Dez Fafara has come along way since COAL CHAMBER. Now he leads one of the biggest and best bands in the metal scene, DEVILDRIVER and has became a truly captivating metal personality. Now, he is getting back to his roots and has announced that he is reuniting with his bandmates of old and relaunching COAL CHAMBER. Well, sort of…
COAL CHAMBER will be heading to Australia for a series of reunion shows at Soundwave. As far as nu metal goes, COAL CHAMBER was certainly one of the best bands in the scene and were helped very much by the fact that SHARON OSBOURNE took the reigns and guided the band to a lot of success with Roadrunner Records. It will surely be interesting to see them back and what they bring aside from these dates in Australia.
Maybe we can get a FAMILY VALUES tour together with them, KORN and some of the other big bands from that era? Anyone… Bueler….
Better late than never… After announcing a little more than a year ago that they would no longer be signing metal, Roadrunner Records has inked their first deal with a deathcore band. AT THE SKYLINES is your typical, moshy deathcore but with elements of electronics and really bad clean vocals. To be honest, I like their pit-ready deathcore but I’m not into the second singer’s vocals at all. I’m also glad to see that Roadrunner is still signing metal – obviously they’ve went a direction that’s very different from where they started but they still bring us a lot of truly great music!
NIGHTWISH is back with a brand new album that will be titled ‘Imaginaerum’ on Tuesday, January 10th via Roadrunner Records. The record is the follow-up to ‘Dark Passion Play’, the 2007 return of NIGHTWISH featuring new vocalist Anette Olzon. The tracks have been said to be much darker than ‘Dark Passion Play’ and I hope that this is true. While I have no problem Olzon and I thought her vocals were beautiful live, I have not been the biggest fan of the “dark pop” vibe of ‘Dark Passion Play’. For me, the best NIGHTWISH album was ‘Once’, when Tarja was still a part of the fold.
“Nemo” could possibly be my all-time favorite power metal song, coming from a guy who isn’t the biggest power metal fan, and I always thought that NIGHTWISH was successful in making a darker, symphonic power metal that appealed to me more-so than anyone else in the genre.
Fingers crossed that ‘Imaginaerum’ is the return to form that I’m hoping for!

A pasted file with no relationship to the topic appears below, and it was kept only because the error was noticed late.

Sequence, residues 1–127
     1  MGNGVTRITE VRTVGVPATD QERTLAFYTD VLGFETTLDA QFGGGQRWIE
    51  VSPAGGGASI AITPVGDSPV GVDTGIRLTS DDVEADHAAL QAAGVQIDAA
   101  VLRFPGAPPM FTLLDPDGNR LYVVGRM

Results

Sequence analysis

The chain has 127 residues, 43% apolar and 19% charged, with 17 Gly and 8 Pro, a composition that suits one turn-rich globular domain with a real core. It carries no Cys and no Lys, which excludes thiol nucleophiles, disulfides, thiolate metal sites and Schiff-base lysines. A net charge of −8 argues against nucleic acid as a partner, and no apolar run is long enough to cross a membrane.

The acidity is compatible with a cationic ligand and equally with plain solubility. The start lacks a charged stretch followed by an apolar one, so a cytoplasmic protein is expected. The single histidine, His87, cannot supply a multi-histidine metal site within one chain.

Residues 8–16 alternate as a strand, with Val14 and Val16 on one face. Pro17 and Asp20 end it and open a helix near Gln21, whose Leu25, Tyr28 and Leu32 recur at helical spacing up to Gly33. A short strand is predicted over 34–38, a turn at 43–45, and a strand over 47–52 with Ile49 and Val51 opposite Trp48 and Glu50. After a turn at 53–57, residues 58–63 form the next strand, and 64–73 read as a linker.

03. Ghost River
04. Slow, Love, Slow
05. I Want My Tears Back
08. Turn Loose The Mermaids
09. Rest Calm
10. The Crow, The Owl And The Dove
11. Last Ride Of The Day
12. Song Of Myself
Heritage is the Opeth album that not merely asks you to speak their musical language. It demands it. On its surface, the record speaks in softer tongues than the nine albums before it; but make no mistake: this will go down as the Swedes’ most “difficult” album. It will be Opeth’s most discussed, debated and discovered album to date. It’s likely a lot of old school fans may hate it at first.
Here are some broad strokes. There are absolutely no heavy vocals. No trace of the old death metal rifferama that once anchored at least half of the band’s epic approach. There’s nary an epic-length song to be heard: the average one clocking in around six minutes or under. Heritage certainly isn’t a return to the quieter meditations of Opeth’s Damnation album or the acoustic-y likes of “Isolation Years” or “Coil” from Ghost Reveries and Watershed In fact, Heritage is much more of a watershed than Watershed ever was!
Mikael Ackerfeldt doesn’t seem content to merely redefine the boundaries of what Opeth is about: this time around it feels like he wants to rip up the very nature of what progressive rock is supposed to be and put it back together. “The Devil’s Orchard” lulls you in with its “riffs-and-rhythms-in-freefall” hypno-groovola and a simple sung refrain: “God Is Dead”. “I Feel The Dark” is literally where the album’s “journey” begins: Mikael’s plaintive croon drifting over a quiet looping guitar that momentarily darkens and heavies up without losing the song’s baroque trappings.
There’s been much discussion about Heritage’s oft-esoteric vibe being recorded live on the floor as opposed to the “normal” over quantified and computer corrected metal production techniques. Drummer Martin Axenrot and bassist Martin Mendes are adroit enough as a rhythm section to become an active anachronism. They’re imperfect and funkier than anyone in the game, In the meantime, Acky does a fine job fearlessly channeling his own Ian Anderson (that’s from Jethro Tull, kiddies!).
“Hexprocess” and “Famine” feel like compositions from Hell’s very own jam band. They’re largely instrumental compositions that wouldn’t have fit on any of Opeth’s prior albums. There are plenty of moments here that would elude the more “structured” first nine albums. In fact, mixer, Porcupine Tree man main man and longtime Opeth co-hort Steven Wilson has quietly recorded an unreleased album with Akerfeldt that in its